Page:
When a new year dawns we may resolve to change our lives. Some of those resolutions may work out well; others not so well. But we should also look for the missing resolutions. The changes that we ought to make but fail to see or accept. This passage mentions folk in just that position.
Paul, the great travelling preacher, has been stuck in Judea for two years (Ac 21-25). Why has the Lord Jesus put him into that position? Because Paul has an important role to play as the final apostolic witness to ancient Israel. Through the centuries of the Old Testament, that nation continually turned against the Lord. In the New Testament, the Lord himself arrives only to be attacked and murdered. However, at the start of Acts the nation is given a final opportunity to repent. God’s Spirit, through God’s people, witnesses to Israel and calls them to turn to Christ before time runs out (Ac 2:36-40). Now, at the end of Acts, the final stage of that witnessing is being enacted. This is why Paul, unlike Jesus at his trial, does not stand silently but speaks up with confidence before King Agrippa (v1-3). He knows that in the end it’s not him on trial but his nation.
The end of ancient Israel would follow in the years after Paul’s trial and since then the Jews have lived with the consequences of those days. However, Christians do not see them as still under judgement but, rather, as being like the other peoples of the world who need to hear the gospel. Ancient Israel has gone. As Jesus taught, the “vineyard” God established in the Old Testament has not ceased to exist but it does now have new tenants (Lu 20:9-16). In other words, all that was invested into that Israel, all the prophecies and promises that were made, have now come to fruition in Jesus’ kingdom of Jew and Gentile united in him and filled with the Spirit. Ancient Israel is the foundation upon which the church is built. The whole Bible is for Christians. Which should not result in any pride in us but, rather, a humble gratitude (Ro 11:13-24).
So before the court, Paul is happy to give his testimony, which is actually well-known (v4). Paul has been a public figure since he moved from Tarsus to Jerusalem, studied under a famous Rabbi (Ac 22:3), and became an important figure in the establishment. His life in public has been upstanding and respectable, previously lived with a firm commitment to the rigour of a Pharisee’s life (v5). Completely true to Israel, he has held onto the promises God made to her (v6), a hope shared across all Jews (v7), a hope of resurrection (v8) – new life for individuals and the nation. Paul is convinced that in Jesus he has seen all these come true, and Israel has been reborn for eternal life. All Jews with faith in Jesus are a part of that renewed nation. However, Paul has not always seen this, previously campaigning aggressively against Jesus (v9) and oppressing his people energetically (v10). At that time, Paul felt his angry opposition to Jesus was the way to love God and Israel.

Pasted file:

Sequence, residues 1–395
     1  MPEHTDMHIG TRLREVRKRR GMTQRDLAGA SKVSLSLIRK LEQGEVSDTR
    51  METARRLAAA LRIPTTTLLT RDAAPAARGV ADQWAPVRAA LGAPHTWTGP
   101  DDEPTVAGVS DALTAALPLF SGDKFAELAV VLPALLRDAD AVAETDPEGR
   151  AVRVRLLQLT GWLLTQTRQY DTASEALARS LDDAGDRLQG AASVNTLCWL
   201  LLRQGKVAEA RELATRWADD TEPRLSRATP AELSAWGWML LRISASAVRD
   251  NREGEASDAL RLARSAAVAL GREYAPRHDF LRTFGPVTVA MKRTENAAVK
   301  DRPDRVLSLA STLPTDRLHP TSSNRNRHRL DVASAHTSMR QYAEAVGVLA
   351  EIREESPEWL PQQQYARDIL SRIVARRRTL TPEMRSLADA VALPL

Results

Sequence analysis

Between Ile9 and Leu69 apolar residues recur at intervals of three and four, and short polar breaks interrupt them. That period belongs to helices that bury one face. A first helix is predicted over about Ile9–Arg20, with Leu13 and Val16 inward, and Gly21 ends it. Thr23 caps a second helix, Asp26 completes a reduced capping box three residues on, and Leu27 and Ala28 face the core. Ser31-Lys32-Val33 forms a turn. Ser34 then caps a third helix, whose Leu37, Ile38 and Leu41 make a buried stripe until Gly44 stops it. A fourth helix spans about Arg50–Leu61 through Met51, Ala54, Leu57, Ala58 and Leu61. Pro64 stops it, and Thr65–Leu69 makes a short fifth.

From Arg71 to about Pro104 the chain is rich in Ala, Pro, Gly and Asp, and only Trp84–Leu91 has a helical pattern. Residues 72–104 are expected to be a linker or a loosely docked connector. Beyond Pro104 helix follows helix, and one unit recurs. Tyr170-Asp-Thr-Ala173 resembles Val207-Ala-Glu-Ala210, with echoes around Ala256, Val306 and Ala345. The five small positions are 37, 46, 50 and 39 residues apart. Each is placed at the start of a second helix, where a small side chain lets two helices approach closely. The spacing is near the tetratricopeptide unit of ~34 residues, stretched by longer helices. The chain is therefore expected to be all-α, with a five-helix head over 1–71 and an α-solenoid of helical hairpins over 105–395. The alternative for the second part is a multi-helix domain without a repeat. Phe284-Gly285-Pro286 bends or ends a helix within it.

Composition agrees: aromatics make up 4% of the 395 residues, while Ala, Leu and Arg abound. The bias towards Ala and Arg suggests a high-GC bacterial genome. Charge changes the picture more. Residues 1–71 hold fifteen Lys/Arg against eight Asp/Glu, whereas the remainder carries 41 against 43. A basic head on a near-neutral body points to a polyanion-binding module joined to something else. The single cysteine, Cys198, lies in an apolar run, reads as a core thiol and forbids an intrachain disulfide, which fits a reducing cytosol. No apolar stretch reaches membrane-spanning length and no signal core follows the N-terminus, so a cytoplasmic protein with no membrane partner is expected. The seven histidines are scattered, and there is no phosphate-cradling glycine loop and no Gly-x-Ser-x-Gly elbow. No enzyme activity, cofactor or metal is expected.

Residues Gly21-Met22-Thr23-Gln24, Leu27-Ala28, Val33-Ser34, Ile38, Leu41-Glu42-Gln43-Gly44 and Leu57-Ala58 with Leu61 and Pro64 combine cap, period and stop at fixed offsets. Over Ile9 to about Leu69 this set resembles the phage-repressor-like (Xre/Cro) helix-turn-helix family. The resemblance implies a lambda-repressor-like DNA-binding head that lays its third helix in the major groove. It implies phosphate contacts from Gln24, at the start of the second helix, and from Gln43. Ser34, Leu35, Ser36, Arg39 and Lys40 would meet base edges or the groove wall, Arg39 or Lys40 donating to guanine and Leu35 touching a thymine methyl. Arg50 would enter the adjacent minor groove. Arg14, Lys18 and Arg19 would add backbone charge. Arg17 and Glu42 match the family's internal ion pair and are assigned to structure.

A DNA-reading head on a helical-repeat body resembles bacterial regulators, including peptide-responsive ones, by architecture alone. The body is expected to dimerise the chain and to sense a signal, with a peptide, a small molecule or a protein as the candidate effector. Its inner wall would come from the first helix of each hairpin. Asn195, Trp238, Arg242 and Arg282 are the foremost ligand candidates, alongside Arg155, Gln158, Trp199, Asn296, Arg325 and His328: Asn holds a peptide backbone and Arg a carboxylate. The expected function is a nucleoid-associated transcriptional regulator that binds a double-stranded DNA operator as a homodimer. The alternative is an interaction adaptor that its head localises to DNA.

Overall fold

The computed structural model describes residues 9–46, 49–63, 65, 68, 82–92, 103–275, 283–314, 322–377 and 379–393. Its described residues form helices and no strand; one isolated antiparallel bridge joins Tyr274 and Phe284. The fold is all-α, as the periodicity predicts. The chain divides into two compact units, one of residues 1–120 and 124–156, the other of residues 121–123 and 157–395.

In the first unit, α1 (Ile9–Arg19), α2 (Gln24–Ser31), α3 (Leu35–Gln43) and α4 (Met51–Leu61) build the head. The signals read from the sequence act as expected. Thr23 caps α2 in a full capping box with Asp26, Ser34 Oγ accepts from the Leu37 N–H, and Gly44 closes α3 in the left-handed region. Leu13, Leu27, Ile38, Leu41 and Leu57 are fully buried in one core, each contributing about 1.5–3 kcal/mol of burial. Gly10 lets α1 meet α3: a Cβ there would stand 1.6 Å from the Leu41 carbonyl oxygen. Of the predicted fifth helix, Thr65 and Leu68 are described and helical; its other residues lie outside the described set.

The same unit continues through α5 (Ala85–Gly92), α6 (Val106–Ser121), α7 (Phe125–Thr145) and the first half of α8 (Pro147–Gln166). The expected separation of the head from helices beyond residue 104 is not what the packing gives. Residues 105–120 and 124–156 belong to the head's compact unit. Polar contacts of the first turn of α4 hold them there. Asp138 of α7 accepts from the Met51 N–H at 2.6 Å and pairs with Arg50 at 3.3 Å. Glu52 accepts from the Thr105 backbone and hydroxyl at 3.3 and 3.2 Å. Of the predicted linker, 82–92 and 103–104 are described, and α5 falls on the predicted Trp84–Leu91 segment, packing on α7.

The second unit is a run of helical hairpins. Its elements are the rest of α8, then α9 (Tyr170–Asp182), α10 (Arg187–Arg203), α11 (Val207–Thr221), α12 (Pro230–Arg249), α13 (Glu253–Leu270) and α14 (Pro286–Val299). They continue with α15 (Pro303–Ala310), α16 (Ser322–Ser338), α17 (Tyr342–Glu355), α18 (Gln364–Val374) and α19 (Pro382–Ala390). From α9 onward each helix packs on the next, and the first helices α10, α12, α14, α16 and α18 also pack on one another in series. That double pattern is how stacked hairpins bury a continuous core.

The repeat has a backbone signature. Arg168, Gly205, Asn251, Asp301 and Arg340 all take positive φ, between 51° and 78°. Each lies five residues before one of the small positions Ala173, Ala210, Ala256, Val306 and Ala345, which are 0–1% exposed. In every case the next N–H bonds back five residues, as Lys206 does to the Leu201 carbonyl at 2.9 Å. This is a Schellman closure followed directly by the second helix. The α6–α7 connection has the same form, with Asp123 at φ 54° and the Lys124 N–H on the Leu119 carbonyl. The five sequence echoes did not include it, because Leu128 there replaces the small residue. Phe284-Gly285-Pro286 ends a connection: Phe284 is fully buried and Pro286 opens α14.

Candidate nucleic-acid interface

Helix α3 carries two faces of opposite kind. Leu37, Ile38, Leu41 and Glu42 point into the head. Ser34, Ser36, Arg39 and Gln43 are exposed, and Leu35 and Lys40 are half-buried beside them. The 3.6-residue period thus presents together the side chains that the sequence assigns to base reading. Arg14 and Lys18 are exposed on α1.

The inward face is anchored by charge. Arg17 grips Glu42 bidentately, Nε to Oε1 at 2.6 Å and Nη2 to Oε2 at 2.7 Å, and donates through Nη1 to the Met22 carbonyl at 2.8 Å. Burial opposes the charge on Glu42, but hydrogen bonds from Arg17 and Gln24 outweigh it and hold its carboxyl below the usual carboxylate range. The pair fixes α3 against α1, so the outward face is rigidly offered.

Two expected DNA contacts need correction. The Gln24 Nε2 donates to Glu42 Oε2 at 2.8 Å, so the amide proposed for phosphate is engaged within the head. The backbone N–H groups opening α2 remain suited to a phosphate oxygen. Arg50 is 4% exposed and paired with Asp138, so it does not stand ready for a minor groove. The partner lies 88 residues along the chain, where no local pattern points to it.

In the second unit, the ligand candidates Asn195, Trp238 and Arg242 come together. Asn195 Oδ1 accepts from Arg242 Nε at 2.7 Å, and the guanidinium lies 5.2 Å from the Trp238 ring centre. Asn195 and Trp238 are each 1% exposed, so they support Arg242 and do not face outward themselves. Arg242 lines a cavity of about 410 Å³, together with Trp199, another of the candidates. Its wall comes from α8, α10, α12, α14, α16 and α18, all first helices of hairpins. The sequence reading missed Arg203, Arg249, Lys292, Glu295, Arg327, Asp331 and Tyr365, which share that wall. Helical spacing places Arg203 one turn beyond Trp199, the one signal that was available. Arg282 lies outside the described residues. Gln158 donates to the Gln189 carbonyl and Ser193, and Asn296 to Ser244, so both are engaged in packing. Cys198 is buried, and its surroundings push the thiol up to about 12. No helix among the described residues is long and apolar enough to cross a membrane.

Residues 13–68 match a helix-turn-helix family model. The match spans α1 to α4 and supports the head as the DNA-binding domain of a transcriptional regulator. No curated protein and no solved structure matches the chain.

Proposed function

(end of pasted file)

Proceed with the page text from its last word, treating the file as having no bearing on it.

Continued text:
What fed into Paul’s anger? Part of the answer is to be found in his identification as a Pharisee (v5). These were good people, living careful lives, respected by others and passionate for God. Yet, Jesus saw that something was deeply wrong at the core of their movement – indeed, in their own hearts. What was it? That they didn’t take God’s law seriously enough (Mk 7:6-9). Their edifice of rules shielded the Pharisees from truly living by God’s commands, letting them sink deep into their souls and challenge their innermost sins. Though outwardly moral, respectable and loyal to God’s ways, their hearts remained corrupt. Jesus pointed to sins like greed (Lu 16;14), pride (Lu 18:11) and lovelessness (Lu 11:42) as tainting their lives. The Pharisees were good by the standards they had set up, but not by God’s standards. Their disabling of God’s law meant that they didn’t hear the warnings of his word about this and led them to react angrily to Jesus when he exposed the truth. As Paul later says, when Jesus spoke it was like being prodded with a stick(Ac 26:14).
The Pharisees failed to see changes which their lives needed. Christians are to be careful not to fall into the same mistake (Mt 16:6). To protect ourselves we must, firstly, recognise the goads which prod us into anger or irritation and ask of our reactions: are they truly justified or are we actually hiding from our sins? Secondly, we need to check the rules of our lives to make sure that even if they are helpful, they are not given a place which only God’s commands may occupy over us and others. Thirdly, we must pray that God will help us to see all the sins from which we need to repent, so that we are not limited only to those which strike our conscience or make us embarrassed. With his help, we need to find our missing resolutions.